American oystercatchers are favorites of all who see them on Island beaches, mudflats, and marshes. Possessing the world's most colorful shucking knife for a beak, these birds can be seen with half-grown young at this time of year. Noisy and gregarious, they are often misidentified by visitors as "beach toucans" or puffins, much to the amusement of local birders. Photo by E. Vernon Laux
The vagaries of weather on the Island continue to amaze even the most casual observer. Due to the influence of the surrounding waters and predominant winds, Island weather is different and is a large part of what makes it attractive to both bird species and humans, especially during the summer months. The summer heat and humidity has arrived, lovely weather for vacationers, summer visitors and residents alike. Area birdlife is fully engaged with breeding.
Staying much cooler in spring and summer, and conversely warmer in fall and winter, the Vineyard hosts plant species associated with more southern climes. It does not get as cold in winter and the growing season is longer, enabling some vegetation to grow here that wouldn't survive in suburban Boston, for instance. The same is true for bird species, and the Vineyard has populations of "southern" birds that would be unimaginable elsewhere in Massachusetts.
Several birds that are resident on the Vineyard reach the northern edge of their respective species limit here. They are rare elsewhere in the state. Barn owls, cyclic, yet basically common year-round residents, are well established on the Vineyard. This is the premiere location to find them in the state. Being at the fringe of their species' range they are subject to periodic large scale drops in population from which they fairly quickly recover.
Nantucket is beginning to have a small number nesting in boxes provided for them as well, but the species is accidental on Cape Cod and on islands in Boston Harbor. Occasionally a pair will be found nesting on a Boston Harbor island or in a barn on Cape Cod but they seem to disappear within a year or two and have never been able to establish a viable toehold. They are a species with a pan-tropical and semi-tropical distribution that really cannot survive the somewhat harsher winters found just north of the Island.
While some are sedentary and remain all winter, other members of the population undertake a southerly migration in fall. Every so often, however, an old-fashioned New England winter will dump lots of snow and bring biting prolonged cold to the Island, causing over-wintering owls great problems, and most expire from starvation. Returning migrant birds will then essentially re-colonize the Island in spring and the cycle repeats anew.
Other species finding the northern edge of their range on the Vineyard include a large nocturnal bird that captures large moths in flight called a chuck-will's widow, a small nondescript greenish flycatcher called an Acadian flycatcher and an entire suite of birds that are very common here that are not further north. Whether global warming, increased bird feeding activity, or normal and natural range expansions, every year many southern species are not so gradually extending their respective ranges north. Carolina wren, northern mockingbird, northern cardinal, tufted titmouse, American oystercatcher and turkey vulture are just some of the species being recorded further north almost annually.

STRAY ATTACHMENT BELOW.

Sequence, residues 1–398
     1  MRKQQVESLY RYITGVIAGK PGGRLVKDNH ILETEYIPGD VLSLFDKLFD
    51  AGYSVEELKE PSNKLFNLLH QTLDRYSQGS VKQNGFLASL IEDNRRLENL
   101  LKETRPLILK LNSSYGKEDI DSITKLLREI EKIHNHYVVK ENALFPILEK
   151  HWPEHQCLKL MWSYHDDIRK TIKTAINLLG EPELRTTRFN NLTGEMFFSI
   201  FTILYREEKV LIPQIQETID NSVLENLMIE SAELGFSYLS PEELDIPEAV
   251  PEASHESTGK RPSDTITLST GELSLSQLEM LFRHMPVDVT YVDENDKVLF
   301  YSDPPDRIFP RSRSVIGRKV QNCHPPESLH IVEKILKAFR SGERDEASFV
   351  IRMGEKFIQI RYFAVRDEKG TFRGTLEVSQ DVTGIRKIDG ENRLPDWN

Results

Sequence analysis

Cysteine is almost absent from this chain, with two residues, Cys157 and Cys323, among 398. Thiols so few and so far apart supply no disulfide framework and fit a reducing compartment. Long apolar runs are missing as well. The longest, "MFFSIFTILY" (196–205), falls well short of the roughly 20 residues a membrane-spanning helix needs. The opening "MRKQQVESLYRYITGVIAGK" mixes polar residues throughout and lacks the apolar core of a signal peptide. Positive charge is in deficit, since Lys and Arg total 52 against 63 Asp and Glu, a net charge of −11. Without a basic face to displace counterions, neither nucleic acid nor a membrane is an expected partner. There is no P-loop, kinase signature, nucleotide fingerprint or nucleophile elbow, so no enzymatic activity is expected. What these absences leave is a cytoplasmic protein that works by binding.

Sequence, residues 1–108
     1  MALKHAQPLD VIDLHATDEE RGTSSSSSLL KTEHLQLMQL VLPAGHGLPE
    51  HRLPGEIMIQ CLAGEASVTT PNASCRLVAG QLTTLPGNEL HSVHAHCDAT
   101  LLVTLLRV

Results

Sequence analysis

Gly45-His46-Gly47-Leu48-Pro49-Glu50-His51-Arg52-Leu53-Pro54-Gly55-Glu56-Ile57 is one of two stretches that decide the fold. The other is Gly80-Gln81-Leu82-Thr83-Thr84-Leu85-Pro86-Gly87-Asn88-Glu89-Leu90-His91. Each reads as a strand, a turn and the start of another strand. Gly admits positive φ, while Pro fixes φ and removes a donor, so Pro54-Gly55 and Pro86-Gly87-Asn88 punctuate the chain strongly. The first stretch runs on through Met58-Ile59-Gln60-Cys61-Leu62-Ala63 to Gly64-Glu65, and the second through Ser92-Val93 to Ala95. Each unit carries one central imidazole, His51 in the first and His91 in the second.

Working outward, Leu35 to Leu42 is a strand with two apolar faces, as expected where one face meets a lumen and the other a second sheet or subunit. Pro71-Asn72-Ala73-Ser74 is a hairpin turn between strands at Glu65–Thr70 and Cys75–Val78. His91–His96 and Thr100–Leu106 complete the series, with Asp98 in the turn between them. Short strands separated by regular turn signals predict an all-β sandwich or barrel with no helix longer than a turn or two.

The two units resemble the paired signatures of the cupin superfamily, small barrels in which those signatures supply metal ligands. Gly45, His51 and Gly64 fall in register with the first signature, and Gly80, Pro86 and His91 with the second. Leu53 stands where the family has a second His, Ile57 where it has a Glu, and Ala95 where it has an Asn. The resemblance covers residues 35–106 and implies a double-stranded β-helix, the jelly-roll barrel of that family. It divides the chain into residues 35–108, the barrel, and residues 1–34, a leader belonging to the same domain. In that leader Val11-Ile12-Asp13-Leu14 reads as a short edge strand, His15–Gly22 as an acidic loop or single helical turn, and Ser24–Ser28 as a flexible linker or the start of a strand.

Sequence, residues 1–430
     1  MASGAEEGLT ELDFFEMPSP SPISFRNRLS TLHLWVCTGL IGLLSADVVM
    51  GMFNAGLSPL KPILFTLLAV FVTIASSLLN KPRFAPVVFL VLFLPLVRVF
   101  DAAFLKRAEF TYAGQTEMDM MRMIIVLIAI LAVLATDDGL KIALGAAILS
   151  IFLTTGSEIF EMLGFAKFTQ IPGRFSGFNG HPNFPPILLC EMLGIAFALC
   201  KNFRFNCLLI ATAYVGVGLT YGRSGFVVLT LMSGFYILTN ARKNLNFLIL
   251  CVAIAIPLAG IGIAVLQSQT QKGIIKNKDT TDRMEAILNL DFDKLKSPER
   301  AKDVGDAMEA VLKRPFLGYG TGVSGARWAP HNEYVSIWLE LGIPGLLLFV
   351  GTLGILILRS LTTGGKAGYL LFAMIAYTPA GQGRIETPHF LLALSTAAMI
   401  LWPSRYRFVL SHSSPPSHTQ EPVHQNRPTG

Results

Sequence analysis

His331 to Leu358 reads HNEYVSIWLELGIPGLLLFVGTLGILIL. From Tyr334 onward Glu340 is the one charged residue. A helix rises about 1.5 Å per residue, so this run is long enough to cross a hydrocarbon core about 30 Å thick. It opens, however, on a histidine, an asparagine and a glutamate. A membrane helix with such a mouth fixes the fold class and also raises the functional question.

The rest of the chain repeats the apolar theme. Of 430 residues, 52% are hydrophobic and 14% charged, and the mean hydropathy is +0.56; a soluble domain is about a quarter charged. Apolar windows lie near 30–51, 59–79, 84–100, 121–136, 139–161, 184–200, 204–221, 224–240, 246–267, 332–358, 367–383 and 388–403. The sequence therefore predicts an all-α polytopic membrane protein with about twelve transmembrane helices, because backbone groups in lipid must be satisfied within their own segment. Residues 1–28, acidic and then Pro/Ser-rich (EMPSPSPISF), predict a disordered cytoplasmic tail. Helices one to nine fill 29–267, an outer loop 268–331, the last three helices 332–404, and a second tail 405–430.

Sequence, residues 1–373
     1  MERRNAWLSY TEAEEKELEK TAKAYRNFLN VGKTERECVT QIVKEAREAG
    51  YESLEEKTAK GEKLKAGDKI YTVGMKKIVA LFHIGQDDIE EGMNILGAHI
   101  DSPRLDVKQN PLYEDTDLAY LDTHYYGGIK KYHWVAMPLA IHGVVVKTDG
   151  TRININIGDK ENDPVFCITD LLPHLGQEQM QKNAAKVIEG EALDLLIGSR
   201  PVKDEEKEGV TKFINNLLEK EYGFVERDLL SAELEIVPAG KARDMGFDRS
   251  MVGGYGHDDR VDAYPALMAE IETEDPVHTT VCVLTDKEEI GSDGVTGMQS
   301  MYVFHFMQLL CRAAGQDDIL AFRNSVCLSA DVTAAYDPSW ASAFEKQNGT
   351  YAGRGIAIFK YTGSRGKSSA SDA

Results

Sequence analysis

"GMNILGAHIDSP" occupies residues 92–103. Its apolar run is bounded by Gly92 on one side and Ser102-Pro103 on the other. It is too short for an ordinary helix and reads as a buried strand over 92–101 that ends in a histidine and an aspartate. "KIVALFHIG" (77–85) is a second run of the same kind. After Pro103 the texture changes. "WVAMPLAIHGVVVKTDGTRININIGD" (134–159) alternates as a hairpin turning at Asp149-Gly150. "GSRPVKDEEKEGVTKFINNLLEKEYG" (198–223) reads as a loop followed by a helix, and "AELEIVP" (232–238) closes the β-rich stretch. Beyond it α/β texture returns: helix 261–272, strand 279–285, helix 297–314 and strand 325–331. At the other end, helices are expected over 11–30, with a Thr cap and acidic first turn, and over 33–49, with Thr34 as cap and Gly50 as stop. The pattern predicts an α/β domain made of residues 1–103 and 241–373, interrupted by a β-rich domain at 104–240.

The past week the heat has produced a number of cuckoo sightings. These rather strange birds are about the size of a blue jay but are masters of camouflage and stealth. No hopping about in the branches or undergrowth for these greenish and gray birds. They move very slowly, nearly imperceptibly, remaining essentially invisible until they fly to a new location. They also are the only birds around with a fondness eating large hairy caterpillars. They perform a valuable service by eating all sorts of tent caterpillars. Both black-billed and yellow-billed cuckoos have been heard, but rarely seen, Island-wide.
Bob Shriber, a seasonal Aquinnah resident, spent last week fishing and birding around the Island. Highlights included an adult yellow-crowned night heron at Katama on June 20, a calling whip-poor-will near the Gay Head Cliffs at dawn on June 19 - the first one heard calling here in many years - and a couple of sooty shearwaters, right in close to shore with terns and gulls in Menemsha Bight. Not far offshore there are good numbers of shearwaters and lots of lingering northern fulmars. These tubenoses, found in offshore areas in the winter should be far to the north and breeding at this season. It is puzzling and troubling that so many should still be frequenting offshore waters at this season.
There continue to be many June reports of immature bald eagles flying around on the Vineyard. This is something that has noticeably increased in last decade and it seems that if it is late June then there must be at least a couple of young eagles exploring Island shores. The species as a whole has been slowly increasing and is now more common in the northeast than ever before. That said, it is still far from a daily occurrence to spot one of these large birds and it is always a delight and a highlight of any birding expedition.
Until next week - keep your eyes to the sky.
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